Combining photochemistry and bioengineering to tackle waste and global energy issues


There are leading fundamental technologies that are indispensable for realizing a carbon neutral society (a state where there are net-zero carbon dioxide emissions, achievable by balancing emissions and their removal). These technologies include photocatalyst technology and bioengineering of microbes. Photocatalysts can use sunlight energy to degrade pollutants or generate fuels, such as hydrogen gas, from water. Microbes can be applied to the generation biofuels and chemical precursors, as well as for decomposing waste materials such as plastic. Leveraging Kobe University’s strengths in both these fields, a multidisciplinary joint research project has been established entitled: ‘A sunlight and bioenergy-driven resource recycling system to convert waste plastic into green resources and hydrogen’

“We can resolve global energy problems by recycling resources from waste”

Project Leader: Professor TACHIKAWA Takashi (Molecular Photoscience Research Center)

My field of research is photochemistry. Using photocatalysts, I mainly conduct research focusing on the solar water-splitting reaction whereby water is converted into hydrogen and oxygen. With the world currently facing the problem of how to achieve decarbonization, I have been developing technology to convert water into hydrogen using sunlight energy. This green technology does not use fossil fuels nor emit carbon dioxide.

The multidisciplinary co-creative research that I am currently conducting involves working with biotechnology researchers to combine photocatalyst technology and microbes’ bioenergy in order to optimize their merits. On a global level, there are not many studies on combining photocatalysts and biomaterials like enzyme and bacteria.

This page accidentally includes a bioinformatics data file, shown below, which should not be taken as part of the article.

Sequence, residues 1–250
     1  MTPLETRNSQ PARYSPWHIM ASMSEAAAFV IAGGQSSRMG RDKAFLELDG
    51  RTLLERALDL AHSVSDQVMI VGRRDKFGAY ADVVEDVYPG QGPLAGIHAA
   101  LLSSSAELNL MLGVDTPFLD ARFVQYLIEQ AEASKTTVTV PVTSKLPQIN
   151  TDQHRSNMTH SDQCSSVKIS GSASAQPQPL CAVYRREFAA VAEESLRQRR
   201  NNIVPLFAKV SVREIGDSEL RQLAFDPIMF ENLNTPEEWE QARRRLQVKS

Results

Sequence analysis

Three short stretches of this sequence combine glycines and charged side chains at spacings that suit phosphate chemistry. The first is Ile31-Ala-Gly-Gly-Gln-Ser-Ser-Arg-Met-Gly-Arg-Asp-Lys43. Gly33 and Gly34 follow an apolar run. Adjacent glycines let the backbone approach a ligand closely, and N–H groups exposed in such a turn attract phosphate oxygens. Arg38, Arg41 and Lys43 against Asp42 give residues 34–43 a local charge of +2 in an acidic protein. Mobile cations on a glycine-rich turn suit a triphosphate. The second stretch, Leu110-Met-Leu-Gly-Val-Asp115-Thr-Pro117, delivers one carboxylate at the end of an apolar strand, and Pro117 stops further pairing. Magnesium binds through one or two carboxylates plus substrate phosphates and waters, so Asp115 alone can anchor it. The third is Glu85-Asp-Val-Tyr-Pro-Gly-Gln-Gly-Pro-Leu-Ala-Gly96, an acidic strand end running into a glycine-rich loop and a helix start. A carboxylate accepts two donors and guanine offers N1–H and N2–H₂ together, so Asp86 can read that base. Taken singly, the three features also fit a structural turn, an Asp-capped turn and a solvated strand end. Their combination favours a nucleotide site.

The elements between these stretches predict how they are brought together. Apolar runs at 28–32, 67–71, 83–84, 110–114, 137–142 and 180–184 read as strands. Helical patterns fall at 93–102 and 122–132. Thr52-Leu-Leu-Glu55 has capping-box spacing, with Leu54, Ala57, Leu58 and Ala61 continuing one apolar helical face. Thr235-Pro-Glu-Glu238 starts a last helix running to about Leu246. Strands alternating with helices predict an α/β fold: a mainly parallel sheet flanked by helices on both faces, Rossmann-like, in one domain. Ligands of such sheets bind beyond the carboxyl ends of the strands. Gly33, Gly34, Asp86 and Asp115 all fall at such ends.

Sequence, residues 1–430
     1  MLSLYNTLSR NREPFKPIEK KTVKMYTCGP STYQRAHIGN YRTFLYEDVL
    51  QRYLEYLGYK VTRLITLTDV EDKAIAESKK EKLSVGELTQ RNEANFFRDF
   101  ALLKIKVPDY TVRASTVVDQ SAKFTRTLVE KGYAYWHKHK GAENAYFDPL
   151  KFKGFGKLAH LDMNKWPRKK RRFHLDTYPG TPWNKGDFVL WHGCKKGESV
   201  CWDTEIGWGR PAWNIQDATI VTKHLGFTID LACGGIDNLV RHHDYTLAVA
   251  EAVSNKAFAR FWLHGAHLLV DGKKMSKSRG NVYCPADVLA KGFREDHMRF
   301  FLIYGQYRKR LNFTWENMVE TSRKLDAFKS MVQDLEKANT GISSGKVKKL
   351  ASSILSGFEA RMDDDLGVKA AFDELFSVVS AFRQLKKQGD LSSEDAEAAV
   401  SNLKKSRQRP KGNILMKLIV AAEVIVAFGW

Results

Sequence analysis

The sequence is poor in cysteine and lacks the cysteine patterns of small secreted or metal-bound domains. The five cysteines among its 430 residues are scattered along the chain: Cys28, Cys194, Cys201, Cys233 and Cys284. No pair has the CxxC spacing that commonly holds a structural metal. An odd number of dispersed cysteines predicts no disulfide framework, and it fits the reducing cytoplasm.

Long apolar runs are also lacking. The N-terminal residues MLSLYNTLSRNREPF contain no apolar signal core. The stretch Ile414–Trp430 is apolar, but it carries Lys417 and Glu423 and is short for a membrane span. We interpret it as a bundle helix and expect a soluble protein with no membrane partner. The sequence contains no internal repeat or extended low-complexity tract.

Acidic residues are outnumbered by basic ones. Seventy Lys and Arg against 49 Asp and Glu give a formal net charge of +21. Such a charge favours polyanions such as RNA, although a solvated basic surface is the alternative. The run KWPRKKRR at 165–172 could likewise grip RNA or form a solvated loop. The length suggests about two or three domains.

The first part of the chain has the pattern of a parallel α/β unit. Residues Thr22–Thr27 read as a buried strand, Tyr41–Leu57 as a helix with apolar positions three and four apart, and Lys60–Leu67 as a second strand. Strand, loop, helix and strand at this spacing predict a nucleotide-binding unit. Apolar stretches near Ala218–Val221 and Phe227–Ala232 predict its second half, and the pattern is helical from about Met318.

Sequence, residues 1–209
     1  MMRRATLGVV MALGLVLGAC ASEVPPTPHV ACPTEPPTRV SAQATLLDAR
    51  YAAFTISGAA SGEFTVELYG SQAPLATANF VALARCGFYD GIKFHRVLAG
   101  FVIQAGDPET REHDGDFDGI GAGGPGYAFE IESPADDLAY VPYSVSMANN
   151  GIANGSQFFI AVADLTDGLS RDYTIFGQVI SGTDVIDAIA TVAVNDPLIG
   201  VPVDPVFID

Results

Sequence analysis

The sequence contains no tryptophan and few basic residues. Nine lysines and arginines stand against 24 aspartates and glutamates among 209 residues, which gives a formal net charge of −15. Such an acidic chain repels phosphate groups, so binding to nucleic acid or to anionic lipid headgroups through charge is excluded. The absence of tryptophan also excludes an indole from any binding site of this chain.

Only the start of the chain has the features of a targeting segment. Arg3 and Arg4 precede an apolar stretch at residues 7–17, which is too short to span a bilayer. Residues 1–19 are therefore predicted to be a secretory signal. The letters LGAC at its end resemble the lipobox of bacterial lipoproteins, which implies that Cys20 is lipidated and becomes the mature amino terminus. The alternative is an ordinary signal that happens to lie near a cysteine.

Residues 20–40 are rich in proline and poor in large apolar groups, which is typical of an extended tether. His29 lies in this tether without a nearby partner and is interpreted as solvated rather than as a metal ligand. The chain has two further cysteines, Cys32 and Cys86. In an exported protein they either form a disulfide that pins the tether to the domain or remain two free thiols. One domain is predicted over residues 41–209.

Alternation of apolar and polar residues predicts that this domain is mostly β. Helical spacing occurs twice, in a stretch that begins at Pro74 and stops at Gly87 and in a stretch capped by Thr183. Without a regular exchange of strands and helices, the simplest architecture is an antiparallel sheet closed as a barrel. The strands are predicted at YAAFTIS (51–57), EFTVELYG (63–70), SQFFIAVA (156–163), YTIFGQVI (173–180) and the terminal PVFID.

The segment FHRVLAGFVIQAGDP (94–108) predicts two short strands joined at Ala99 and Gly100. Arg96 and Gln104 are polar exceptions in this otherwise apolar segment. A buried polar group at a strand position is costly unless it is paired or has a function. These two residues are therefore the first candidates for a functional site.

The generation of hydrogen gas via photocatalytic reaction.

However, there has been much progress in the bioengineering field at Kobe University, with the improvement of various enzyme production techniques and research infrastructure. Through collaborating with professors who are experts in proteins and biodegradable polymers, we have been able to use waste plastic as a raw material. The constituents obtained through breaking down plastic can be applied to photocatalysts to produce hydrogen. This hydrogen and the hydrogen bacteria can be used to produce plastic precursors from waste plastic without using fossil fuels. We are aiming to establish new principles and technologies with this green resource recycling method.

In the future, we aim to be able to covert various types of waste into hydrogen energy and useful substances. This is not limited to plastic but also includes food waste and other everyday wastes. If implemented, this research has the potential to decrease carbon dioxide emissions and resolve world energy issues.

First of all, the plan is to conduct basic research for three years on combining bio and photocatalyst technologies. Subsequently I would like to work with researchers from various fields including the natural sciences, social sciences and medical fields, with the ultimate aim of establishing a research hub with ‘Green Resource Recycling’ as its catchphrase. From an international standpoint, I hope we can contribute towards regions and countries that require this kind of technology.

Discussions between faculty members from different fields can produce a variety of new ideas. I feel that this is a very appealing project because it enables us to conduct research that is impossible to do alone.

Using the combined strengths of microbes and photocatalysts to convert waste into green resources and hydrogen.

Profile: TACHIKAWA Takashi

Professor, Molecular Photoscience Research Center